Long before refrigerators and freezers were invented, people took advantage of nature to keep their food cold. Residents of the Hudson Valley depended on ice harvested from the Hudson River to stock their ice boxes.
Initially, Wayne Borough was established in 1853 from portions of Scott and Preston Townships. The town was renamed Starrucca in 1873 and sits at the confluence of the Starrucca and Shadigee creeks.
This Saturday, November 17, regular deer season opens in the southern zone of New York State. Hunters will be permitted to hunt deer with guns through December 9, according to New York’s Department of Environmental Conservation (DEC).
The Elisha P. Strong mansion in Starrucca, PA, shown here during restoration, is one of the most elegant homes in Wayne County, and its owner was one of the most influential men in the county’s history.
Lately, when driving up and down Route 97, one must navigate through a flurry of construction. This transitional period of our local roads hearkens back to the early 20th century, when Route 97 (originally planned to be called Route 3-A) was first built.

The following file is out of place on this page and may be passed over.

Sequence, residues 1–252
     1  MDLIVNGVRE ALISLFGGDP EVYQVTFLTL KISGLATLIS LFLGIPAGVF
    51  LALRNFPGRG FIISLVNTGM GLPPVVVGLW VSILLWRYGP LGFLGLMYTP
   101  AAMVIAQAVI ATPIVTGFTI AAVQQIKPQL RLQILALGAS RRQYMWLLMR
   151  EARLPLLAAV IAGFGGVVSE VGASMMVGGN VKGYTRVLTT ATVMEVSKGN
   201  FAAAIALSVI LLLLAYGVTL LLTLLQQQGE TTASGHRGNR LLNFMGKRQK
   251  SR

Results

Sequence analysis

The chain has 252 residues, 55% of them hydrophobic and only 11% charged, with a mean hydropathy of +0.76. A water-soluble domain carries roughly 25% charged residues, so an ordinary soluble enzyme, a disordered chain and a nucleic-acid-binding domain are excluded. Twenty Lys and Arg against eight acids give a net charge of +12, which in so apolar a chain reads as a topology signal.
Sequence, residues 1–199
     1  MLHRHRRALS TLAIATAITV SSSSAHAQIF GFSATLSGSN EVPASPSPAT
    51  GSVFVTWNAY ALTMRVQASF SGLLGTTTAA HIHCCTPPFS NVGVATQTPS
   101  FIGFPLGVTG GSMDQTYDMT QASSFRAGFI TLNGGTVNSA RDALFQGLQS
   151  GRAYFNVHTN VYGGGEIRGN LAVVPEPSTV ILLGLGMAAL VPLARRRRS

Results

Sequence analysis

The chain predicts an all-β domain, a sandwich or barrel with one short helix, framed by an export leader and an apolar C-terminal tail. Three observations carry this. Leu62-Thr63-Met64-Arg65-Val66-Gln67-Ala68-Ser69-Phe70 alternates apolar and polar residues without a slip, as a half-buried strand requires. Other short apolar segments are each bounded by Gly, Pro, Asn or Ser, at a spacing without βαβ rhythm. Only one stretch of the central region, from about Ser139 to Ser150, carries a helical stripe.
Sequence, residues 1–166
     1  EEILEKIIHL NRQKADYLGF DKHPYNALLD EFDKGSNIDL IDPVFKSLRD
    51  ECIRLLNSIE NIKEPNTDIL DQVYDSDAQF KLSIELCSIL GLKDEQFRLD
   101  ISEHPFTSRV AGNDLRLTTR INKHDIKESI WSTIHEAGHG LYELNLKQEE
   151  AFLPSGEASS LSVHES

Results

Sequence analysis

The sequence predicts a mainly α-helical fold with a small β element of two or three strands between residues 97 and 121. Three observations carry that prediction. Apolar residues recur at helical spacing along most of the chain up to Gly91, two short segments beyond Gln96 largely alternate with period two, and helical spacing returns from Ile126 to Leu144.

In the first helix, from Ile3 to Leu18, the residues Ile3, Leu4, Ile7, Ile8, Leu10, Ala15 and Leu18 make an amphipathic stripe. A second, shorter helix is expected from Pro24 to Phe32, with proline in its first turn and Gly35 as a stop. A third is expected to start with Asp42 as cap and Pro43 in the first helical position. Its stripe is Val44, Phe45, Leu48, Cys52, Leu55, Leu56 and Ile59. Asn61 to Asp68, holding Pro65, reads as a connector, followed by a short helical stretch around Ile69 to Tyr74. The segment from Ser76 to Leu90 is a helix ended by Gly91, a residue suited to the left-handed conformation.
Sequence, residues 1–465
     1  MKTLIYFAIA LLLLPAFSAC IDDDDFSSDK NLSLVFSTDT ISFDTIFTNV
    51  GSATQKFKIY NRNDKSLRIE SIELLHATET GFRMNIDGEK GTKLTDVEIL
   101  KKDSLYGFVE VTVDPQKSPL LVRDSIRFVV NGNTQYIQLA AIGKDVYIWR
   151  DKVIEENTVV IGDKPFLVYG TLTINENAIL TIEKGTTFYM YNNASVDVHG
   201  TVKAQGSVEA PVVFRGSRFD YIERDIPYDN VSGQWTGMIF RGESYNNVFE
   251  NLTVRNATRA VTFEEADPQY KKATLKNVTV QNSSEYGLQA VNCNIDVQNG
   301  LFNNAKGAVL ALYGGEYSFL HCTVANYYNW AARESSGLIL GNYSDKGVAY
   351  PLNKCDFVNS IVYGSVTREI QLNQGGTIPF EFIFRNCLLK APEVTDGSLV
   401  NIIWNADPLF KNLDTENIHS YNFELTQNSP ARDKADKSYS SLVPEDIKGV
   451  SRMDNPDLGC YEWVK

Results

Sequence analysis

Although doctors around the world were beginning to hope that the disastrous flu epidemic of 1918 might be waning, at the end of October, Dr. William M. Lynch, the superintendent of Farview State Hospital for the Criminal Insane in Canaan Township, was putting out a call for help.
With the Delaware River running along the border of many local towns, eel fishing has been an asset to the community’s economy for centuries.
The Wayne County Historical Society owns a rare copy of “Lucy Ann Lobdell, the Female Hunter of Delaware and Sullivan Counties, NY,” the personal account of a woman from our area who lived much of her life as a man. WCHS member and volunteer Lisa Macchia Ohliger has recently published a book combining Lucy’s words with the results of her own sc
In the month of October, carving pumpkins and setting them aglow in front of neighborhood houses is a trademark of the season. This tradition holds treasured memories for many families, and it dates back to the 17th century, when a legend—and a turnip—started it all.
On December 23, 1828, Honesdale was already a bustling community. Crews were busy building the Delaware & Hudson Canal and Gravity Railroad, which met in the new town, and families were already putting down roots in the former Dyberry Forks.